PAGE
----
SD Mines to Host International Mechanical Behavior of Salt Conference

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The “Mechanical Behavior of Salt VIII” conference will be May 26-28 on the South Dakota School of Mines & Technology campus. Nearly 100 university faculty members, industry and government laboratory workers from all over the world will attend, bringing together engineers and scientists involved in the study of the constitutive thermomechanical behavior of salt while providing an opportunity to review recent developments in a rapidly expanding field of interest.

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We are honored to be hosting such an international conference and equally excited about the exposure our university will receive.

The “Mechanical Behavior of Salt VIII” conference (Salt Mech 8) will be May 26-28 on the South Dakota School of Mines & Technology campus. Nearly 100 university faculty members, industry and government laboratory workers from all over the world will attend.

The conference continues a tradition started in 1981 at Pennsylvania State University, bringing together the expertise of engineers and scientists involved in the study of the constitutive thermomechanical behavior of salt while providing an opportunity to review recent developments in a rapidly expanding field of interest.

Some of the topics that will be explored during the conference include research and management of underground structures in salt formations; applications of salt mechanics in mines and caverns for hydrocarbon storage, radioactive waste disposal, and toxic waste disposal; and creep, damage, thermal-hydrological-mechanical-chemical coupled effects.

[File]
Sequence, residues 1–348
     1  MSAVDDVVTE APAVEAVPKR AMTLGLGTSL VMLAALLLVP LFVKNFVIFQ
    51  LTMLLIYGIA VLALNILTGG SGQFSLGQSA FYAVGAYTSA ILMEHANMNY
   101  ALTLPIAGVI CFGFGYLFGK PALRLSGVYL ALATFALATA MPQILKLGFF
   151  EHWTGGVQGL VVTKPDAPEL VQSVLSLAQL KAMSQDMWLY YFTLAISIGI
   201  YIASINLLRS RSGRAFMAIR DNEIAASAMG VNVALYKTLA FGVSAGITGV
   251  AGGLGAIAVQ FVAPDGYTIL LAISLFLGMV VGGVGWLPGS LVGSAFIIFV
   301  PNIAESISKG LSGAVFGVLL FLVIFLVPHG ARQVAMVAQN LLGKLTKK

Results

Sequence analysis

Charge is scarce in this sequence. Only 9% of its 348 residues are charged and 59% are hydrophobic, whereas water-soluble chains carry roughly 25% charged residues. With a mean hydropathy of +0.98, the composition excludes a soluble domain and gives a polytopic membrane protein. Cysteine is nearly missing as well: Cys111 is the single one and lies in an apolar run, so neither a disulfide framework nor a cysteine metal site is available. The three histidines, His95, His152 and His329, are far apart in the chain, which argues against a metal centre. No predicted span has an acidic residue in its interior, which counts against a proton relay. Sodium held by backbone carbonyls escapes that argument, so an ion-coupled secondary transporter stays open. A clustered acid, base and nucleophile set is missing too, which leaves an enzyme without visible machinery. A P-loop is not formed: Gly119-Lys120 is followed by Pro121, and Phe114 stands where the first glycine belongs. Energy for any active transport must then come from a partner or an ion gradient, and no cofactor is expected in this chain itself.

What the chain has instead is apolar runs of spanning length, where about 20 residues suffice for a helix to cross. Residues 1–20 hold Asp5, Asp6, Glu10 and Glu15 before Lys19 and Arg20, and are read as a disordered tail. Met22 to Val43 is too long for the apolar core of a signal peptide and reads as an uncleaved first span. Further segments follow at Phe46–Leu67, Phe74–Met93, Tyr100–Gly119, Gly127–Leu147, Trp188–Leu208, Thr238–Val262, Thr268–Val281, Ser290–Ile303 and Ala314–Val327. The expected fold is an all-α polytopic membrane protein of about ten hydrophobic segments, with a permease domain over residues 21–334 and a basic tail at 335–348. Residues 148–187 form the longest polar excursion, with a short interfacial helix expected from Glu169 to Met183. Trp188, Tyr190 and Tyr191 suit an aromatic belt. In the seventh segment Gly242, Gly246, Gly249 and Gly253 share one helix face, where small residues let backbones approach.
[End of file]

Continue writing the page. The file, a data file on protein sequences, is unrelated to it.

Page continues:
South Dakota Mines was chosen to host this year’s conference three years ago when the 2012 event was held in Paris, France. “We are honored to be hosting such an international conference and equally excited about the exposure our university will receive,” said Lance Roberts, Ph.D., head of the Department of Mining Engineering & Management.

The three-day conference will also include keynote addresses by Frank Hansen, senior scientist at Sandia National Laboratories; Leo VanSambeek, vice president and principal consultant at RESPEC Consulting & Services in Rapid City; Mike Headley, laboratory director at Sanford Underground Research Facility in Lead; and Heather Wilson, South Dakota School of Mines president.

For more information, please visit: http://www.sdsmt.edu/SaltMech8/

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About SD Mines
Founded in 1885, the South Dakota School of Mines & Technology is a science and engineering research university located in Rapid City, S.D., offering bachelor’s, master’s and doctoral degrees. The university enrolls 2,798 students from 45 states and 35 foreign countries, with a student-to-faculty ratio of 14:1. The SD School of Mines placement rate is 98 percent, with an average early-career salary for graduates of $65,600, according to the 2014-2015 PayScale report. Find us online at http://www.sdsmt.edu, on Facebook at https://www.facebook.com/sdsmt and on Twitter at https://twitter.com/sdsmt.

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